One must be ready for the coming winter though, because dangers such as frostbite are real and can occur fairly quickly. For those who rely on public transit for transportation, this is a particularly a concern, especially as Winnipeg Transit continues to struggle with its bus fleet and waiting times may continue to be longer than usual at bus stops. To prepare for Winnipeg winter, it is best to ensure that you and your children are properly dressed: this includes a well insulated pair of boots with a good grip and dry socks; warm pants and even an extra layer of snow pants; a proper winter jacket and sweater underneath; and a good pair of winter gloves and a toque to cover your head and ears (balaclavas are also nice, covering your whole face). In short, layer up! Cover up! Frost can happen quicker than we can realize, especially with children, and with Manitoba’s notorious wind chill, one must be prepared. Also, it is safest to avoid clothing made of cotton, especially for children – cotton absorbs moisture quickly (like melting snow on gloves), and dries slowly in the cooler temperatures, meaning wet clothes. New winter clothes can be expensive, so don’t hesitate to ask those you know if they have extra clothing, or to visit used clothing stores such as Value Village and Salvation Army.
Those who live here call Winnipeg, Winter-Peg for a reason. Just like autumn, with the changing colours and falling leaves, winter can be a beautiful time of year. For me, there is nothing much more magical than the year’s first snowfall or waking up to hoarfrost on your trees outside. I know I’m not alone in this; time and again I’ve heard how new immigrants to the city have relished the city’s first snow fall, experienced how much fun skating on the Red River in December for the first time is, and indeed how Filipinos quickly adapt to winter like pros. One community member has even told me that, after having lived in Canada for so long, they are no longer able to take the heat of the Philippines.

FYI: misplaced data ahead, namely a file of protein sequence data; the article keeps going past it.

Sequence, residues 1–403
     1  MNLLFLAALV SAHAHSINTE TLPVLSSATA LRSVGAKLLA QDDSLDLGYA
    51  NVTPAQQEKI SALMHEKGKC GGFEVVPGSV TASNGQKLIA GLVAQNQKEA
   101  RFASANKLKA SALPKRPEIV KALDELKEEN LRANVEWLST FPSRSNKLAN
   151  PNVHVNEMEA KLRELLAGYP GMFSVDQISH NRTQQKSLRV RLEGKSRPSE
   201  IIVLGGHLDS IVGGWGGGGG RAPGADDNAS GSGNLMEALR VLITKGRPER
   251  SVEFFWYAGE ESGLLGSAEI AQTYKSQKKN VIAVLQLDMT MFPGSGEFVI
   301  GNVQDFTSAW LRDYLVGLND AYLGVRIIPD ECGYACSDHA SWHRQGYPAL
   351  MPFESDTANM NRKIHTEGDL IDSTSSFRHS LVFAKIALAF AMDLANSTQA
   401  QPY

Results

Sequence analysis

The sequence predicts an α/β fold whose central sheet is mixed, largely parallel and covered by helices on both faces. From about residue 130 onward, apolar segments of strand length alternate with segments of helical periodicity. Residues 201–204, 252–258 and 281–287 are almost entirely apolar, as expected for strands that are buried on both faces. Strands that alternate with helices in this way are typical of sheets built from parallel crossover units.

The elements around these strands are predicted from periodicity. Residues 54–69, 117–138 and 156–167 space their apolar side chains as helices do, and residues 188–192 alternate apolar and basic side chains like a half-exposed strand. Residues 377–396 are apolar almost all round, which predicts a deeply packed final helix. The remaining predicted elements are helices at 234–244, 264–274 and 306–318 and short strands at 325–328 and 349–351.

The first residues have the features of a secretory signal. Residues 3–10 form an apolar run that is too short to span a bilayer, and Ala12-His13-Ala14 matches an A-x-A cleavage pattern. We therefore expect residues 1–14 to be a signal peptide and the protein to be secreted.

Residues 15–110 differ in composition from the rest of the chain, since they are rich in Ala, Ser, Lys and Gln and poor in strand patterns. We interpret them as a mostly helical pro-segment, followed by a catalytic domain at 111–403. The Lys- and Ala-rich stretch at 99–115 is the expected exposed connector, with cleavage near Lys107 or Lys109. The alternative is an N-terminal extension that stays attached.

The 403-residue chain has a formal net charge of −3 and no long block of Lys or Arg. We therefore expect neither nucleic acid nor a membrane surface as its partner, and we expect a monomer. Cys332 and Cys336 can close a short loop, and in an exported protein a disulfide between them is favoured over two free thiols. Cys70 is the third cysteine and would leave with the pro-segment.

Weather is truly an aspect of integrating into a new country. Getting used to the changing, and quite frankly crazy, weather patterns of Manitoba is part of the process of becoming “Canadian.” And when you consider that newcomers from the Philippines are coming from a tropical climate, it is understandable why Anita Chen in 1998 titled her book on Filipino immigration to Canada From Sunbelt to Snowbelt. While weather may not define a person, exposure and acclimatization to drastically different weather patterns make up part of the immigrant experience. Being prepared for and informed about Winnipeg winters will allow new Filipino families to create cherished memories of their first snowfall (and, sorry to say, first ridiculous Winnipeg blizzard), first ice skating, and time-old practices of tobogganing, having a snowball fight, or making snowmen.
Welcome to Winter-Peg! As part of my ongoing research on the Filipino community in Winnipeg, I would love to hear your experiences of winter in Winnipeg. You can easily contact me at email@example.com with your stories, suggestions for others, or questions.
The following are some useful links for those who are new to Winnipeg and are about to experience their first winter. Please share these links widely.
- http://ec.gc.ca/meteo-weather/default.asp?lang=En&n=46FBA88B-1 - What natural winter hazards one might expect.
- http://www.cbc.ca/news/canada/5-tips-for-keeping-warm-during-a-canadian-winter-1.1345737 - Some excellent tips for dressing in Canada’s winters.
- http://www.wrha.mb.ca/wave/2010/12/old-man-winter.php - Dressing for winter and protecting your health.
- http://www.gov.mb.ca/safety/winter/ - General links from the Province of Manitoba on winter living.
- http://www.med.umich.edu/yourchild/topics/wintsafe.htm - Some advice from the University of Michigan on safety while enjoying winter activities
- http://www.albertahealthservices.ca/4862.asp - Winter sport safety for children.
Jon Malek is a PhD candidate in History at Western University, and is a member of the Migration and Ethnic Relations program.